Duterte to Let Experts Run Economy as He Focuses on Fighting CrimeBy and
Duterte takes oath of office, vows to fight criminality
Promises to honor Philippines’ international obligations
With dozens of suspected drug dealers killed by police before he even took office, new Philippines president Rodrigo Duterte is making good on his pledge to curtail crime, while leaving the economic running to others.
Duterte, 71, who was sworn in on Thursday, has promised to spread wealth and power outside the capital to curb poverty. As he focuses on combating crime and graft, his cabinet members have been tasked with beefing up public spending and unclogging economic logjams.
“I know the limits of the power and authority of the president,” Duterte said in a 15-minute speech in Manila. He said as a lawyer and former prosecutor, his adherence to due process and the rule of law would be uncompromising.
Riffing off his policy platforms in Davao where he was a long-time mayor, Duterte plans a nationwide curfew for minors and may slap a 1 a.m. ban on the sale of liquor.
Outside law and order, an area where he gave himself six months to make a difference, the economy is something he thinks is best left to experts. He’s said previously “I’m a lawyer and I never pretended to be an economist,” and that he barely passed economics in college.
Predecessor Benigno Aquino was more hands-on to spur growth, deploying policies that helped steer an economy that expanded faster than China last quarter and won its first investment-grade credit rating. Still, Aquino struggled to halt the graft that put the Philippines 95th among 168 countries and territories in Transparency International’s 2015 corruption perception index, and to tackle traffic gridlock woes in the capital Manila.
“There are some definite pluses to focusing on crime and rule of law, if that’s broadened to include corruption where the Philippines has a long way to go,” said Edwin Gutierrez, who helps oversee about $11 billion as head of emerging-market sovereign debt at Aberdeen Asset Management Plc in London. “Still, it would be nice to have a president more focused on the economic picture.”
In the period between Duterte’s election win last month and the first day of his presidency, dozens of suspected drug dealers have been killed and thousands surrendered. “The war on drugs and crime is going to be bloodier,” his police chief Ronald dela Rosa said in an interview. “So flee, surrender or fight it out with us.”
The first president to come from Mindanao, Duterte had an early, unofficial start to his six-year term.
His economic plans were unveiled three days after his election win and he begun naming cabinet members a week later. He took his oath at the presidential palace in Manila at a ceremony attended by 600 guests. Vice President Leni Robredo, whom he hasn’t invited to join his cabinet, was sworn in earlier at a separate event.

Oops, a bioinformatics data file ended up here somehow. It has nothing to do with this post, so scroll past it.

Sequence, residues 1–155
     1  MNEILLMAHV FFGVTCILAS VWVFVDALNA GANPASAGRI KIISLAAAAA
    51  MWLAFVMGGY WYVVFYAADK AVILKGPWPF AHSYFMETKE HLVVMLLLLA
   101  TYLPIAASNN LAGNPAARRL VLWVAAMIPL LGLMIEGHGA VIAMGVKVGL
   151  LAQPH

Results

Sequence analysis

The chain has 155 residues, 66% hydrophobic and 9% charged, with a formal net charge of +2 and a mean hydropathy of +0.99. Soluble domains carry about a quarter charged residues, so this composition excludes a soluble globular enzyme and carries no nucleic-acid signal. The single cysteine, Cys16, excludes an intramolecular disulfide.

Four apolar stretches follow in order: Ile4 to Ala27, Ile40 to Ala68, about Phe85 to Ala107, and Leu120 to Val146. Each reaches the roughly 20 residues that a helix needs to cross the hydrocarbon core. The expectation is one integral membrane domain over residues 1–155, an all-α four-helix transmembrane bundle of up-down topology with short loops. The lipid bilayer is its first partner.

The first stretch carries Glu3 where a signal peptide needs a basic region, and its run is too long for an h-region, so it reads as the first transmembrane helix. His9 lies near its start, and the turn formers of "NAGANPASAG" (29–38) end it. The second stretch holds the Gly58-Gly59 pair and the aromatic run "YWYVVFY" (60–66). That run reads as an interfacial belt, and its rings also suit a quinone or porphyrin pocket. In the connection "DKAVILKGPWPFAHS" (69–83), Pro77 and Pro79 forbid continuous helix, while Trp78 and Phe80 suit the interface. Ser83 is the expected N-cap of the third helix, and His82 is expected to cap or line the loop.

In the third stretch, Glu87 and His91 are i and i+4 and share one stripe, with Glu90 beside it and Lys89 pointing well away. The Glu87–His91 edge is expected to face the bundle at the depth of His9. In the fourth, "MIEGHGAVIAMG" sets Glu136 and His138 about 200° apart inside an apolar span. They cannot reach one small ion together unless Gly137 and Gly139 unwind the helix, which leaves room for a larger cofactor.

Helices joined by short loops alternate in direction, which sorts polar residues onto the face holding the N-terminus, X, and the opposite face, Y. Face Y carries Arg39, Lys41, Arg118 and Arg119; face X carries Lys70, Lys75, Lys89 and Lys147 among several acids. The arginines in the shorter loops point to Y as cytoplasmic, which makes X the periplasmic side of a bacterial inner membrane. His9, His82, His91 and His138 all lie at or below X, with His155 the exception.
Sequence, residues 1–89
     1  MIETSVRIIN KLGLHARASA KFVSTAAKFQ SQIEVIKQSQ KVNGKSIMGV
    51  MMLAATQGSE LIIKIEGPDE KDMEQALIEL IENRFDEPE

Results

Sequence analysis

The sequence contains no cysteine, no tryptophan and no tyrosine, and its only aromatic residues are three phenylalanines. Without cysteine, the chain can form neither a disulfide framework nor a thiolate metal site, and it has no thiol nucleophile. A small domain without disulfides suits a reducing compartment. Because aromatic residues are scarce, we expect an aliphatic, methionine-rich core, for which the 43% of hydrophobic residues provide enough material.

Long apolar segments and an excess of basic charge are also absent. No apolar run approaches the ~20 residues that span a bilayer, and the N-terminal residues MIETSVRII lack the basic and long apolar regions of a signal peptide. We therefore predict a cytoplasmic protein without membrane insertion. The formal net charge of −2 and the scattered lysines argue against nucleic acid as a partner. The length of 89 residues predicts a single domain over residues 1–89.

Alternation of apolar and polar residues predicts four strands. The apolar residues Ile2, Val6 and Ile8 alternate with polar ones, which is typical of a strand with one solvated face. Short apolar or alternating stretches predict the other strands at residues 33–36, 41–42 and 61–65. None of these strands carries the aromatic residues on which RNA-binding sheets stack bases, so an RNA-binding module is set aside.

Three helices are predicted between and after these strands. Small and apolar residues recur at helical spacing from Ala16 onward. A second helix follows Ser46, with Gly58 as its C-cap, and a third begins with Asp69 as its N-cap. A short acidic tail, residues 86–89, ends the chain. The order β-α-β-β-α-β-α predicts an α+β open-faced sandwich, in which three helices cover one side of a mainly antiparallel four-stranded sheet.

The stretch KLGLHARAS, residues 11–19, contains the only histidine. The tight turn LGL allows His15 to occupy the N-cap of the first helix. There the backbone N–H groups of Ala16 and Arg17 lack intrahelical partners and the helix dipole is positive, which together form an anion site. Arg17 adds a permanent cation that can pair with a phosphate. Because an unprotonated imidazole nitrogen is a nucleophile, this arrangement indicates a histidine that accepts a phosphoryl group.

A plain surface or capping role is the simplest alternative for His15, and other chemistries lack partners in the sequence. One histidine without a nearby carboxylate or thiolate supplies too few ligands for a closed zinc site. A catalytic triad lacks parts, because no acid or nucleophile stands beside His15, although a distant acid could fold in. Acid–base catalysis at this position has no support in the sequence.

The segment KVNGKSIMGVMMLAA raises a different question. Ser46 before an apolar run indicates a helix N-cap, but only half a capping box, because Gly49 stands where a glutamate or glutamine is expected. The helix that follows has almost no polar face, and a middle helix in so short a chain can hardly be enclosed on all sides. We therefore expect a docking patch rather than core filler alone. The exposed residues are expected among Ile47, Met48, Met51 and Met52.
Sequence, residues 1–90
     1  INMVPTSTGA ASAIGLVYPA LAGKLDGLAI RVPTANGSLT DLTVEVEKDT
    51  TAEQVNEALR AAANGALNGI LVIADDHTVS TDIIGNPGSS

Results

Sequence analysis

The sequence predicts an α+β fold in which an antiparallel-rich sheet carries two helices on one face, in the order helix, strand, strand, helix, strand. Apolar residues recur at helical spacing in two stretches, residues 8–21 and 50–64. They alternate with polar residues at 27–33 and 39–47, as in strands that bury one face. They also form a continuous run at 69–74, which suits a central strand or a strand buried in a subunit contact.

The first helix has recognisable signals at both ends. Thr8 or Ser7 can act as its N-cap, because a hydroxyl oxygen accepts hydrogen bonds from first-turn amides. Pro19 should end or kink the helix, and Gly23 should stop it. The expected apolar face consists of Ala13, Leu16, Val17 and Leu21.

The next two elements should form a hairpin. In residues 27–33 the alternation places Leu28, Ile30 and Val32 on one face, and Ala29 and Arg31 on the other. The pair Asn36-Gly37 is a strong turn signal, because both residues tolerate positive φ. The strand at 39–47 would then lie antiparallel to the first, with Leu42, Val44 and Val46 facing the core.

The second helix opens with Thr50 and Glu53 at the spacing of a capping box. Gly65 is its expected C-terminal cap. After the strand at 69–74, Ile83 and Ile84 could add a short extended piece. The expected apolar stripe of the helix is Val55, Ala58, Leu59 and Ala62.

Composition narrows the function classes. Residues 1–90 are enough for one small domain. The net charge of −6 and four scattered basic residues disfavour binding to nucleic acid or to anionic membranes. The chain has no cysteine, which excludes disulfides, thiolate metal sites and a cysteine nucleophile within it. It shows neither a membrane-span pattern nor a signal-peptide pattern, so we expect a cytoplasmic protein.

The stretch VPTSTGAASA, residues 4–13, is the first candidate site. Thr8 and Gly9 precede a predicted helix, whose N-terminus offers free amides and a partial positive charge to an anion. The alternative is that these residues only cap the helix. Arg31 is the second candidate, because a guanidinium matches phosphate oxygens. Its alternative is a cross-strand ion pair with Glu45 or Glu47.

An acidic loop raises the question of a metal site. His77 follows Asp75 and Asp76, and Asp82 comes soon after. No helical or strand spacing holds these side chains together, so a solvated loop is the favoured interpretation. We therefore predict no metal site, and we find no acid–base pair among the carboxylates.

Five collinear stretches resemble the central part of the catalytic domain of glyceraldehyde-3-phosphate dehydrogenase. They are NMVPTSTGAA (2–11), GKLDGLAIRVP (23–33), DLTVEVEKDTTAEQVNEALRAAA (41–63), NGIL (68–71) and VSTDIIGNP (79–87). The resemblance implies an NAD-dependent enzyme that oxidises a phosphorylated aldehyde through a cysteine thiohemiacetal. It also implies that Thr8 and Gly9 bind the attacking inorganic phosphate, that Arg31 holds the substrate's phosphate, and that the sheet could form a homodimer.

Faster growth failed to curb poverty, traffic and criminality, and that’s where Duterte’s hands-on leadership will make a difference, his Finance Secretary Carlos Dominguez has said. A childhood friend of Duterte, the incoming finance chief is a 70-year-old businessman who was agriculture secretary under former President Corazon Aquino.
Duterte’s tenure starts as economic headwinds are rising, including a slowdown in China. The Philippines must diversify its export markets and products and boost domestic demand as Britain’s vote to quit the European Union could disrupt a global recovery, outgoing Economic Planning Secretary Emmanuel Esguerra said this week.
Duterte’s economic managers have touted plans including:
- government outlays to boost public infrastructure spending to more than 5 percent of gross domestic product and the budget gap to as much as 3 percent of GDP
- lower ceiling for corporate and personal income taxes from 30 percent and 32 percent while adjusting tax brackets, limiting exemptions on value-added tax
- faster turnaround of business permits and applications to three working days while extending validity of passports, licenses
- quicker implementation of public-private partnerships to 18-20 months from average of 29 months under Aquino
- two-year emergency powers for Duterte that will allow him to to open private roads and skip bidding process for transport projects
- review of mining contracts, shutting resource companies that fail environmental tests
Like other world leaders who won on populists pledges, there are concerns Duterte could reverse the economic policies of Aquino and slow reforms, Malayan Banking Berhad analysts led by Saktiandi Supaat said in a note.
Having jumped from local or regional posts to national prominence, he also faces the reality of running an entire country.
Duterte “could find that pushing his platform through Congress might not be as easy as when he was mayor of Davao City, especially after the honeymoon period wanes,” the Malayan Banking analysts said.
“When Jokowi stepped in and there were huge expectations then throughout the course of 2015 you realize; hey this isn’t gonna happen that fast,” said Gundy Cahyadi, an economist at DBS Group Holdings Ltd. in Singapore, referring to Indonesian President Joko Widodo.
“Investors are probably aware that structural changes don’t happen overnight. You can’t turn Indonesia into Singapore overnight. You can’t turn the Philippines into Singapore overnight.”
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